By South Florida Business Journal

A federal grant program that has propped up the solar industry through the recession to the tune of $3 billion is set to expire, and the industry is once again scrambling for a congressional fix.

If you think youâ¿¿ve heard this song before, you probably have. Two years ago, the solar industry scrambled to get a federal investment tax credit extended as it set to expire at the end of 2008.

The 30 percent tax credit extension was finally passed in 2008 with the first thrown-together Emergency Economic Stabilization Act.

But, for solar companies to use the tax credit, they needed to be profitable or find an investment partner that was. Most solar companies did not have enough profit to use the tax credit themselves.

So, Congress again stepped in, passing a grant in lieu of tax credit with the February 2009 stimulus program that paid the 30 percent credit in cash upfront to solar developers or owners. That eased the burden of finding a tax equity partner and drove growth in the solar industry from October 2009 until today.

The grant is set to expire at the end of the year. And the solar industry is pushing, yet again, for a two-year extension of the grant program.

⿿On a national basis, it is crucial,⿝ said Paul Farren, owner of The Energy Store, a solar panel and environmental products retailer in Hollywood.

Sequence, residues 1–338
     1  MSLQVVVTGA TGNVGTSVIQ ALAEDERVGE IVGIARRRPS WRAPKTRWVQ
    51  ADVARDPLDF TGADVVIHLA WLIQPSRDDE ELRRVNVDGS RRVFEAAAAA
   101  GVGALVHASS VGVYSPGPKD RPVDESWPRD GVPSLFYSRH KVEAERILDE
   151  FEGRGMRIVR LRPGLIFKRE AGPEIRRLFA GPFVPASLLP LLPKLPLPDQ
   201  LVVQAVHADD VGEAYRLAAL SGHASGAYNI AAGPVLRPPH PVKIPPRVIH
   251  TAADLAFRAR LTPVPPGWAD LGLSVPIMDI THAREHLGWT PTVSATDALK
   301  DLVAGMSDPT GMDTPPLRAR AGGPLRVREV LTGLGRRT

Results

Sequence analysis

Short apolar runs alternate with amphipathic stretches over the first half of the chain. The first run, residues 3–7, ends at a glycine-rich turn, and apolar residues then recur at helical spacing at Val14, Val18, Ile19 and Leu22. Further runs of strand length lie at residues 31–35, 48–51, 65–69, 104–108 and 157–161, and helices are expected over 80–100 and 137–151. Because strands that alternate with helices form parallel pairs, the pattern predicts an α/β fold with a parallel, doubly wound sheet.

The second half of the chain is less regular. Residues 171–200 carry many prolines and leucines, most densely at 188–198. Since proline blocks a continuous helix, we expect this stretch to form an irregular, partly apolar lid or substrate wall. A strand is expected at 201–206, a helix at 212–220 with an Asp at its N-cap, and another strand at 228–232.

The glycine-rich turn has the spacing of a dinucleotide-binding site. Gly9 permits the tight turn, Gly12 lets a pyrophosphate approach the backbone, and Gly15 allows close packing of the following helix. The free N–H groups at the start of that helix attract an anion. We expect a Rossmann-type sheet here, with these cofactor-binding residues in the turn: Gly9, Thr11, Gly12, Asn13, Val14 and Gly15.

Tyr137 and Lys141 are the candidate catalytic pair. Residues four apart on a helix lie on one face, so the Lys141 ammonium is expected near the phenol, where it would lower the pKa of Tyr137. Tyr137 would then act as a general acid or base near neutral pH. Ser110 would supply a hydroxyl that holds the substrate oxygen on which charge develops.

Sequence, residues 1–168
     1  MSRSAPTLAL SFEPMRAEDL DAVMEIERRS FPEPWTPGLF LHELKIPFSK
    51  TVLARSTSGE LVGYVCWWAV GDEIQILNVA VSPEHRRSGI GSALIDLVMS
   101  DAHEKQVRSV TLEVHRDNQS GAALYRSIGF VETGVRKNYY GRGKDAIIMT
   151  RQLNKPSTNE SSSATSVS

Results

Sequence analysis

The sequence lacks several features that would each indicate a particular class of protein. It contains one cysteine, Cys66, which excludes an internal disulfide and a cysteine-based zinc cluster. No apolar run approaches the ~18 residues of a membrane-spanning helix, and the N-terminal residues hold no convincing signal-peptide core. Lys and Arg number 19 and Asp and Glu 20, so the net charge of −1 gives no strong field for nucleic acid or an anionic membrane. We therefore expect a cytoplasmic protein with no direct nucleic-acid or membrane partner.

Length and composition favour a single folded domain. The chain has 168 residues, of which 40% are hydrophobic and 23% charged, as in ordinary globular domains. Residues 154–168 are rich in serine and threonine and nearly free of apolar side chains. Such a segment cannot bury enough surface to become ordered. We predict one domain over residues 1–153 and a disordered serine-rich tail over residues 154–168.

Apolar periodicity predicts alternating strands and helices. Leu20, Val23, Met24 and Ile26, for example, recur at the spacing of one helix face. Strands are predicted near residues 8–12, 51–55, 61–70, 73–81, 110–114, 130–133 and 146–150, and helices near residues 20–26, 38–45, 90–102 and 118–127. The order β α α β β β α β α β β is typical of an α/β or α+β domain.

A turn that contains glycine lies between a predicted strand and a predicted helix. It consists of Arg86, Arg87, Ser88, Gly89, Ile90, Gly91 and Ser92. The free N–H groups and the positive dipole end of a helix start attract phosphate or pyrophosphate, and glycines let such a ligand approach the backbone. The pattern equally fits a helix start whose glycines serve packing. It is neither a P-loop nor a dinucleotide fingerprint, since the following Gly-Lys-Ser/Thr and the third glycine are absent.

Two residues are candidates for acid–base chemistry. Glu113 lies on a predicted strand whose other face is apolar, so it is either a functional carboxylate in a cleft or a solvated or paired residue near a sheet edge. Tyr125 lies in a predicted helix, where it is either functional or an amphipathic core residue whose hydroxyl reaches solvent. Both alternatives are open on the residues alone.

But, sales of solar panels at The Energy Store have already been heavily impacted because the Florida legislature allowed the stateâ¿¿s solar rebate program to expire this year, Farren said. The popular state program, which paid homeowners up to $20,000 and businesses up to $100,000 for installing electricity-producing solar photovoltaic systems, is another victim of Floridaâ¿¿s budget crunch.

Arno Harris, CEO of solar developer and financier Recurrent Energy in San Francisco, says availability of tax equity is about half of demand and without a grant extension, those with tax equity appetite will pick the most desperate developers and charge high premiums to take the tax equity off their hands. He sees some hope in that some new tax equity players have recently begun to dip their toe into solar financing.

⿿That⿿s got to happen, but the reality is we⿿re trying to make up a $5 billion gap and nobody jumps into a new market with a billion dollars,⿝ Harris said. ⿿Even Google will take baby steps.⿝

Copyright 2010 American City Business Journals

Copyright 2010